This was heady stuff to the fragmented and schism ridden occult community. It was French, it was Alchemy, the Queen of all esoteric arts, and it was real. Credible people had even seen his visiting card, emblazoned with an aristocratic signature. It was possible to encounter people at the Chat Noir nightclub in Paris who claimed to have met Fulcanelli right through World War II. Between 1926 and 1929, the legend grew, fueled by articles and reviews in several Parisian occult journals. Canseliet contributed more information: transmutation had indeed been accomplished by the Master, Fulcanelli hadn’t really disappeared, another book or two was planned, and so on.
By 1929, when Fulcanelli’s second book, Dwellings of the Philosophers, appeared, French occultism was ready for a revelation. What they received however was something of a disappointment, an anti-climax. Canseliet, in his preface to this volume, gives nothing sensational away. Nothing is said about the origin of the work or its relationship to Le Mystere. The reader is left with the sense that Fulcanelli was still alive and on the scene, with only a few bare hints as to his attainments.
The work itself is uneven, without the internal coherence and brilliant symbolic by-play found in Le Mystere. Dwellings follows many of the same themes and symbolic threads as Le Mystere, in fact there is little that is actually new. What Dwellings does however is put our understanding of alchemical adeptship in the 16th and 17th centuries on an entirely different basis. We come to understand that “alchemy” is a very deep and rich stream of tradition, but we are left questioning exactly what “alchemy” is. Fulcanelli seems to shift his focus from lab work to astral voyages to an arcane heritage. The voice that seemed to know so much in Le Mystere is here hesitant and unclear.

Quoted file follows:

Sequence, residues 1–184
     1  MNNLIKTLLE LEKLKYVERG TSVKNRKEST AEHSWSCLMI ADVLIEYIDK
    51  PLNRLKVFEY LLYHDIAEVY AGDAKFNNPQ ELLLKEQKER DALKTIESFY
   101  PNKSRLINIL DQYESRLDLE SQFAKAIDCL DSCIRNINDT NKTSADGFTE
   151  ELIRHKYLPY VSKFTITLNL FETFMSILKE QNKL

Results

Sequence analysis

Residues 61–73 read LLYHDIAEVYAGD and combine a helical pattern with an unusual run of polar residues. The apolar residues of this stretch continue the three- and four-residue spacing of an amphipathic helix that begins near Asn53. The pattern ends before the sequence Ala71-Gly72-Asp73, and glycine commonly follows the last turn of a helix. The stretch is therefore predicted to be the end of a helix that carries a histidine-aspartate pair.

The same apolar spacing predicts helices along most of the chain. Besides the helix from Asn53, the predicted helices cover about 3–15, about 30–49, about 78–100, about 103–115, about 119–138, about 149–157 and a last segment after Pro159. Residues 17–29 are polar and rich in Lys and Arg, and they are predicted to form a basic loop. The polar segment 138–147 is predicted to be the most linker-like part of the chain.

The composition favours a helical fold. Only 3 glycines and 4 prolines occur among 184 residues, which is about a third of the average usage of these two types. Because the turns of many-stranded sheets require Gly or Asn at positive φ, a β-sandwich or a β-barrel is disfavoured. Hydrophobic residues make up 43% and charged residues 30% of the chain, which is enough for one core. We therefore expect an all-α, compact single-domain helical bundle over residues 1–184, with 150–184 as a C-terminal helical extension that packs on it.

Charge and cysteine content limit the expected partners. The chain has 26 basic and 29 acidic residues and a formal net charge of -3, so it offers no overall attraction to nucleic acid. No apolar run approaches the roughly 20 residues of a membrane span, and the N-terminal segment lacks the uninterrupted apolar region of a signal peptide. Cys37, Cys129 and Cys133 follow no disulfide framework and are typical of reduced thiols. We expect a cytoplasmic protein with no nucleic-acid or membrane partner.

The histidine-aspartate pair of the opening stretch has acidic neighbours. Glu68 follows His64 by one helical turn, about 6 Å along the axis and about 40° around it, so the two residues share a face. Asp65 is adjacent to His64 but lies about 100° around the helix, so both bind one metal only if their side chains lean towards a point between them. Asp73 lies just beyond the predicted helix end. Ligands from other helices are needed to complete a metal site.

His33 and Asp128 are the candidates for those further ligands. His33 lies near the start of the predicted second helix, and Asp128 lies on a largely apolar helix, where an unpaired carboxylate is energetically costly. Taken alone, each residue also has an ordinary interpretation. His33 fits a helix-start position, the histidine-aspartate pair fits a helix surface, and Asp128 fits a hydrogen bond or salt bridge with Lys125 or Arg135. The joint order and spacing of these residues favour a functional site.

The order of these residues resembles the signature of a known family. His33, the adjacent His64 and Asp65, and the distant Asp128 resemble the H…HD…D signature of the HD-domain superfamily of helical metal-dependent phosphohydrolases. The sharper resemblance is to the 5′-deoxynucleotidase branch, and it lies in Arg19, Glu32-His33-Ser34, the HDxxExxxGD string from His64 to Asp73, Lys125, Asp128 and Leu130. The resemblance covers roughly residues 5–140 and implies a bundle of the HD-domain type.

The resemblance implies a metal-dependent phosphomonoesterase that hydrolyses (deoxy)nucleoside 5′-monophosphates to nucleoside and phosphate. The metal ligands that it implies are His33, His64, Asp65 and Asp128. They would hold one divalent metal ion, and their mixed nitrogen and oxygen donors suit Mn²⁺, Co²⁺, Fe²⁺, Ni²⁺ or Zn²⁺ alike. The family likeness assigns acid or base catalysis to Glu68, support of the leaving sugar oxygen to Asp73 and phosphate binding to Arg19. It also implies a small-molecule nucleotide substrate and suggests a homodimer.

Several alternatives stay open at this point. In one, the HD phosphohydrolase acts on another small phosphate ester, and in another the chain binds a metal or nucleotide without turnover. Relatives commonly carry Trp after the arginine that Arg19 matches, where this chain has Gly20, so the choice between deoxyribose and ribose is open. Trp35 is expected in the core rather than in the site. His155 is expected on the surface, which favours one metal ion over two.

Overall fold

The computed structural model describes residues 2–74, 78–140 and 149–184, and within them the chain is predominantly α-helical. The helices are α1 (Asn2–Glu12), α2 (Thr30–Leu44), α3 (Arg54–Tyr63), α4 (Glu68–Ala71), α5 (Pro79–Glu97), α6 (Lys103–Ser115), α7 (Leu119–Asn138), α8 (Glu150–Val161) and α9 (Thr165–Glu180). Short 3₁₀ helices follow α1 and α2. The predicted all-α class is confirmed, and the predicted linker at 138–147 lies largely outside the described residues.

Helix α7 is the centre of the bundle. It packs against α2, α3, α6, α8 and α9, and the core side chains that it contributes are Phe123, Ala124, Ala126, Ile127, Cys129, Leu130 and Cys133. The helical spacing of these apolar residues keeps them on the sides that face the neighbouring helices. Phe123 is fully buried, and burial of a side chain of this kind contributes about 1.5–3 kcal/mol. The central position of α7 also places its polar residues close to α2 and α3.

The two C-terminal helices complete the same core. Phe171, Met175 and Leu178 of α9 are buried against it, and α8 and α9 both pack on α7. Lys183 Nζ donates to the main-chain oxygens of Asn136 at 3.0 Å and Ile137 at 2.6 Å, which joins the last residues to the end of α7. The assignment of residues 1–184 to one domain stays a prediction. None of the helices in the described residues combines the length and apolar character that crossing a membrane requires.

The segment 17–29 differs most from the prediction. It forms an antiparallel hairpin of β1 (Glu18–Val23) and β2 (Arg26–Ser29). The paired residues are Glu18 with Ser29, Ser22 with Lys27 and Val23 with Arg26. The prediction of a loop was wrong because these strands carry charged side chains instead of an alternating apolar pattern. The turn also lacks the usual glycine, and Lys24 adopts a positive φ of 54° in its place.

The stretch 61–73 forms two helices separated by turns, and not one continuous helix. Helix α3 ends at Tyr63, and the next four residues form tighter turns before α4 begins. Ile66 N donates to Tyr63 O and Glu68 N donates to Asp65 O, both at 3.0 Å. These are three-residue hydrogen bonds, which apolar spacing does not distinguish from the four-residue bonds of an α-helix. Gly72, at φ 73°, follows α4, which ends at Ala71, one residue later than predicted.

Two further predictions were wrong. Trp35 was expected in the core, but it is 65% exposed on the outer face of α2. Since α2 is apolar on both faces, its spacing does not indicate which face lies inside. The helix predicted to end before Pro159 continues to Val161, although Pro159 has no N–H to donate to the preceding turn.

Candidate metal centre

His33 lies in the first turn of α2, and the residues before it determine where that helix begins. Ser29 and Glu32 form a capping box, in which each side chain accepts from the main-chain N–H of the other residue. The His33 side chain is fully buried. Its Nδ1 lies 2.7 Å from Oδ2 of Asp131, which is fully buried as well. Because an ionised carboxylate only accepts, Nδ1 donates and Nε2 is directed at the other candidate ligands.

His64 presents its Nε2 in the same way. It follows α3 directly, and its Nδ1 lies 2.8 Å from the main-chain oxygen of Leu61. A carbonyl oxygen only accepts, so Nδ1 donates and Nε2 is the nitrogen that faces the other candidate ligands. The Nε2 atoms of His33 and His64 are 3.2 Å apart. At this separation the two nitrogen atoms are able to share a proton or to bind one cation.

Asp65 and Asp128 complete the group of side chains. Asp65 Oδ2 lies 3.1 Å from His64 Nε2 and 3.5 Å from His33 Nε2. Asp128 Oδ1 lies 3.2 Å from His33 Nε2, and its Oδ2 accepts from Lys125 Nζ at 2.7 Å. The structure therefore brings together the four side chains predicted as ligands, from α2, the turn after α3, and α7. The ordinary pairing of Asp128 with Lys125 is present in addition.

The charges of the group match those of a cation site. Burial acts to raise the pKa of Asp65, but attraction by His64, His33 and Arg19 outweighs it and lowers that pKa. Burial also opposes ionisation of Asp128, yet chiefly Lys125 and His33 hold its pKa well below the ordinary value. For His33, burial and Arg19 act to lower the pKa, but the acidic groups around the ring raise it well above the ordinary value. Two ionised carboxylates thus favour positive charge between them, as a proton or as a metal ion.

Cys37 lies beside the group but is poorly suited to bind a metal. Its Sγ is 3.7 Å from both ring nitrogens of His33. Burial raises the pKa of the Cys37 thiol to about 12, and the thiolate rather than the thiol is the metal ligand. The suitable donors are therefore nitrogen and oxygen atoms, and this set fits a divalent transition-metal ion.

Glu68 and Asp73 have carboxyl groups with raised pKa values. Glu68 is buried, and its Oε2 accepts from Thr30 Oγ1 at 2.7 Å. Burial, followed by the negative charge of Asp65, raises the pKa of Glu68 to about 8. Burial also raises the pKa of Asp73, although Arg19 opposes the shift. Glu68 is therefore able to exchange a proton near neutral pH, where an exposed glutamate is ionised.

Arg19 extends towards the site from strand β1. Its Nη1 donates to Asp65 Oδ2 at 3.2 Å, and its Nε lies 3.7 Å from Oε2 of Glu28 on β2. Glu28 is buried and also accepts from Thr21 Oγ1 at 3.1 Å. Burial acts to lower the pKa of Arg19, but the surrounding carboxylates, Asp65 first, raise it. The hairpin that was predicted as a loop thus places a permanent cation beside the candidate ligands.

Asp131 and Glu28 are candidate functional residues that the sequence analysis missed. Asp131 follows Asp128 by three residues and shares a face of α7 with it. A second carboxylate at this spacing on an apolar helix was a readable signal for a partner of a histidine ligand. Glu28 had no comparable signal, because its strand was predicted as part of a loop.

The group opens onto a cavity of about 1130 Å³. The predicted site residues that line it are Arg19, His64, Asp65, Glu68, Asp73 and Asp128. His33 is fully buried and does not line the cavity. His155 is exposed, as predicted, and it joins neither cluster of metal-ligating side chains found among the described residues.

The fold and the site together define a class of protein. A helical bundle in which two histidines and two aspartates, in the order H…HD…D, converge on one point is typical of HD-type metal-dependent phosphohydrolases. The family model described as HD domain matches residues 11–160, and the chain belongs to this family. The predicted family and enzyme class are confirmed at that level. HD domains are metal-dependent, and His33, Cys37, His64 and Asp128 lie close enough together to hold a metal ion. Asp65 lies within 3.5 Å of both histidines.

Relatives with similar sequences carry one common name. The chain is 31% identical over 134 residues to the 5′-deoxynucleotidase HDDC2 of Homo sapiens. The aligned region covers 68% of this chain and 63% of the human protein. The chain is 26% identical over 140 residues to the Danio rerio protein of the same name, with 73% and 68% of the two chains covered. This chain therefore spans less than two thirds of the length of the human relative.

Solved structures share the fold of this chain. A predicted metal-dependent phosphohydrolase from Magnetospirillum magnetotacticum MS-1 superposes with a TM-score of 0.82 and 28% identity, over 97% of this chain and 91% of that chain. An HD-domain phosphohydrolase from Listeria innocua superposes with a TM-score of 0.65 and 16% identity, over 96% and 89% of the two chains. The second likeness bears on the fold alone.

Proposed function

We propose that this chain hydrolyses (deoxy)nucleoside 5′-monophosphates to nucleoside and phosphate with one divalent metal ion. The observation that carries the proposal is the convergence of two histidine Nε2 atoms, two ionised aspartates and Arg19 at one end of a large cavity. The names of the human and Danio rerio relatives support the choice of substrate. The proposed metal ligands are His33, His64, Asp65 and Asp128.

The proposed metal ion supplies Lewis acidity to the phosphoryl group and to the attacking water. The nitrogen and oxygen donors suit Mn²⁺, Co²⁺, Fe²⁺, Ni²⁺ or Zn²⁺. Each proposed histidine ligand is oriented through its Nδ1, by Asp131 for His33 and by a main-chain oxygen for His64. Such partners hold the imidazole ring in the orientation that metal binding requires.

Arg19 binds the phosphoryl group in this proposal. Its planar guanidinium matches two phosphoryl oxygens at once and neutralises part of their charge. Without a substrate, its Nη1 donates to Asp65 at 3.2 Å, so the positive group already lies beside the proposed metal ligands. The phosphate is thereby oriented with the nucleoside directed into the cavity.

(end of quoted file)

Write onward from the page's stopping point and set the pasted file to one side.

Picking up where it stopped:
The critical response was luke-warm at best. Interest waned, even when Canseliet revealed the existence of a third volume by Fulcanelli, Finis Gloria Mundi, in 1935. By 1937, Fulcanelli was a merely a legend of occult Paris in the ’20’s, and Canseliet had moved on to writing books on alchemy under his own name. All hope of publishing the last volume faded in the depression and crisis of the late ’30’s, and disappeared completely as the Nazis conquered France in the spring of 1940. Nothing is known about Canseliet’s activities during the war.
And yet, a most curious thing happened. In the spring of 1943, a privately printed, 50 copy edition of a massive work entitled The Architecture of Nature was published in Paris with full clearance from the Nazi censors. This is indeed curious, since a large portion of the book deals with the Kabbalah, the esoteric tradition of the Jews, and its relationship to such things as Tantric Yoga, Gothic cathedrals and the enigmatic ornaments of Lallemant Mansion in Bourges, so important to Fulcanelli. Even a glance at this most rare of all modern esoteric volumes is enough to convince the reader that this work contains more than a whiff of the authentic voice, the Fulcanelli of Le Mystere. Could this be the lost third volume? And why would the Nazis permit its publication?
After the war, Fulcanelli’s legend, and Canseliet’s career, profited from an up-surge of interest in all thing metaphysical. By the mid 1950’s, conditions were right to reprint both Le Mystere and Dwellings. Simply by having been the mysterious Fulcanelli’s student, Canseliet had become the Grand Old Man of French alchemy and esotericism. But the ’50s were not the ’20s and many things had changed. One of those things was the text of Le Mystere itself.